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Some of the most important steps that can be taken to prepare a members of rapid intervention team (RIT) for the tasks they may have to perform are to establish standardized tool assignments and practice common removal techniques. While the vast array of possible scenarios that can be encountered preclude knowing every possible tool or technique that will be utilized, the basic items can be determined from past events, ways that others have gotten themselves in trouble and the ways that got them out.
The rapid intervention team must report on the scene ready to go to work with the tools that are likely to be required. Think of the first group as tools that every member stepping off the rig should have in his or her possession at all times. They include:
- Self-contained breathing apparatus (SCBA) with an activated personal alert safety system (PASS) alarm.
- A large handlight, preferably on a sling, for hands-free use.
- A good, sharp knife.
- A spare cylinder immediately available (on the apparatus) for each member.
- A National Fire Protection Asso-ciation (NFPA) rated personal rope (40 feet of 3/8-inch nylon).
Each RIT officer should ensure that the following team tools are brought with RIT members when they report to the incident commander:
- Portable radios for each two-member team within the RIT.
- A 200-foot search/guide rope for each two-member team.
- Forcible entry tools (halligan and flat-head axe) for each two-member team.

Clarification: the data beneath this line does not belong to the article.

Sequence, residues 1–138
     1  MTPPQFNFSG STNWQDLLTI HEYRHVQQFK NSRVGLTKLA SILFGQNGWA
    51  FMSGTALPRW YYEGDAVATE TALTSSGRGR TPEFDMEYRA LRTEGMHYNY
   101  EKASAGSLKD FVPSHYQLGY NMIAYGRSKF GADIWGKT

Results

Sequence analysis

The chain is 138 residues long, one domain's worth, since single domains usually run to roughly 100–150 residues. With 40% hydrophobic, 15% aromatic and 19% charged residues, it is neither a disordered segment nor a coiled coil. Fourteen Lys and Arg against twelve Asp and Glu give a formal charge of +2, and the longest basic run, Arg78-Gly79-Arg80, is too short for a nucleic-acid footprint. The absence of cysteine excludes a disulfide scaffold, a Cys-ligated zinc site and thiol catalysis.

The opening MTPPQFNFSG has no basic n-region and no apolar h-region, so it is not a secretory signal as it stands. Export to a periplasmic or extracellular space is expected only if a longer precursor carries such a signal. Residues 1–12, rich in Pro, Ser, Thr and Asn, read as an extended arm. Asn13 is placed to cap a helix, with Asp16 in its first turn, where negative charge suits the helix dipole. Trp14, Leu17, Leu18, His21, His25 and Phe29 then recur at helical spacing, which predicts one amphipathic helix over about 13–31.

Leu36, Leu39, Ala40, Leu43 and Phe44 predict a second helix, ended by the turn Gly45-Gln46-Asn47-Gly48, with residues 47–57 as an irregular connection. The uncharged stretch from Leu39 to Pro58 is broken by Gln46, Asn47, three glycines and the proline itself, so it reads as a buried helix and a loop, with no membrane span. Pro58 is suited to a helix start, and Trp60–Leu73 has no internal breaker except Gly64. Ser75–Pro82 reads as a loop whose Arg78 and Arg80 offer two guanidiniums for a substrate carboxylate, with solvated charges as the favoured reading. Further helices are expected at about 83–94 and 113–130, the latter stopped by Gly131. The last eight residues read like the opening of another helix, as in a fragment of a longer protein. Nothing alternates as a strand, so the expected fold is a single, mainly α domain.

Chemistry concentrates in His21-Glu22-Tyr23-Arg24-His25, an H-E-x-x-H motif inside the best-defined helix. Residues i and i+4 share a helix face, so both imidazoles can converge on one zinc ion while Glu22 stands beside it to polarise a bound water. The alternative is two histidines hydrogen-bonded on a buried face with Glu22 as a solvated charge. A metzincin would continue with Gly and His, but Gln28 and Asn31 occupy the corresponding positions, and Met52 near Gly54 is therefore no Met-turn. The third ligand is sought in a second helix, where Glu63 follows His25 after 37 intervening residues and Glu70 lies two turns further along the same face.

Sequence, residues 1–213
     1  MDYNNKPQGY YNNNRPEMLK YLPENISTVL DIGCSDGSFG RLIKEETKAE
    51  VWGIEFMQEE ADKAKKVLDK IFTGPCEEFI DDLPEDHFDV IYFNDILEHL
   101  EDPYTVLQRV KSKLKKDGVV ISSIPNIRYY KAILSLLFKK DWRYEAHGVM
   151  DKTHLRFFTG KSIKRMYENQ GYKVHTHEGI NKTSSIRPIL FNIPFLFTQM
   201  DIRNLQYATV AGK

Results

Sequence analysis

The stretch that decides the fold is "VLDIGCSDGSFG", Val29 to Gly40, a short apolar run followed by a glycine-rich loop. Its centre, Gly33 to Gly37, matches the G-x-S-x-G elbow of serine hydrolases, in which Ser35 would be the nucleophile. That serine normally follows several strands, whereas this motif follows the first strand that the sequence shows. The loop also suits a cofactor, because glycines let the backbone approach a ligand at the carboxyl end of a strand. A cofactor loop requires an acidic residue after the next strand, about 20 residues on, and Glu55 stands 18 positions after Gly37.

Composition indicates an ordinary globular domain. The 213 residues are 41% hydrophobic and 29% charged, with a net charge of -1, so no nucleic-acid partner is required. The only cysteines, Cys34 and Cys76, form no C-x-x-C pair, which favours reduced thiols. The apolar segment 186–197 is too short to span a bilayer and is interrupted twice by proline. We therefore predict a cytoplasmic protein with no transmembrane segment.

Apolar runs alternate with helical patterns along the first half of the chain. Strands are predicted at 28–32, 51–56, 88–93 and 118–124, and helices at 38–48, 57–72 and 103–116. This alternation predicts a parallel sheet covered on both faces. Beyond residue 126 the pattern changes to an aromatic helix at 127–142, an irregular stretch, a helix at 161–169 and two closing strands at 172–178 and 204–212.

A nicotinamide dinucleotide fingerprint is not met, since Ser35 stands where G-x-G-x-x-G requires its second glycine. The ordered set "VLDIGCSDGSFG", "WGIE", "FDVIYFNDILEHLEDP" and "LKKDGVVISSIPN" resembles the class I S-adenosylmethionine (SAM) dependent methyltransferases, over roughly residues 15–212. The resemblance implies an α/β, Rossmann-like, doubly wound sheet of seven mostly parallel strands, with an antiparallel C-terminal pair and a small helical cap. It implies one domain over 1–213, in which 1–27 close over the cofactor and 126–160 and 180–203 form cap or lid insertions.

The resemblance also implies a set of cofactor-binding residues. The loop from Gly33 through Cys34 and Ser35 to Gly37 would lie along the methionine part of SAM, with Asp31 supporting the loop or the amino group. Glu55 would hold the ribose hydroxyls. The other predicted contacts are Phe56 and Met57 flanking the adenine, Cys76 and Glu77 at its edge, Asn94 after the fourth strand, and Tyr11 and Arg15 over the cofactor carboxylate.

- At least one hydraulic forcible entry (Rabbit) tool.
- A lifesaving rope and harness/belt.
- A spare mask for a trapped firefighter.
- A Stokes stretcher and resuscitator.
- Power saw, either wood- or metal-cutting, depending on the size-up of the building
- Suitable ladders for the building involved tower, aerial or portable.
In addition, at the scene the unit should attempt to obtain, if available, a copy of the building's floor plan ("You Are Here" signs) and a copy of the command chart that indicates which units are operating and where they are located. Also, if possible, locate a hoseline that can be committed for rapid intervention in the event it is needed. Know what unit is supplying the line.
As with every other fireground task, the RIT must perform a size-up. The specific duties of the RIT make its size-up somewhat unique. While encompassing all aspects of the standard 13-point approach and the Firefighter Survival Survey, the RIT's size-up takes extra considerations. The RIT officer should:
- Request size-up of the building by radio while still en route. Size of building, construction, occupancy and fire location.
- Monitor tactical and command channels for urgent or Mayday messages.
- Once at the scene, perform the RIT size-up (building, occupancy, fire location and extent).
- Location of units/members and their access-egress.
- Progress of operations.
When firefighters are trapped or missing, the RIT must have prepared for the occasion with some techniques which have been practiced and honed so they can be performed blindfolded, because that's exactly the way they're going to have to be done. The fireground is extremely confusing when a Mayday has occurred. Of course, no two situations are exactly alike but some problems repeat themselves so often that we should expect them to occur and have a game plan all worked out in advance for when they do.
As soon as the first report is received of a "firefighter down," three things should immediately happen. First, if not already at the scene, an advanced life support (ALS) ambulance should be called. Second, additional firefighting personnel must be special called; this may require transmission of multiple alarms or calls for mutual aid. Third, a protective hoseline, a spare mask and a resuscitator should be brought to the vicinity of the member, even if there is no obvious immediate need for them.
Photo by John Norman
The rapid intervention company must report in with all necessary tools, ready to go to work.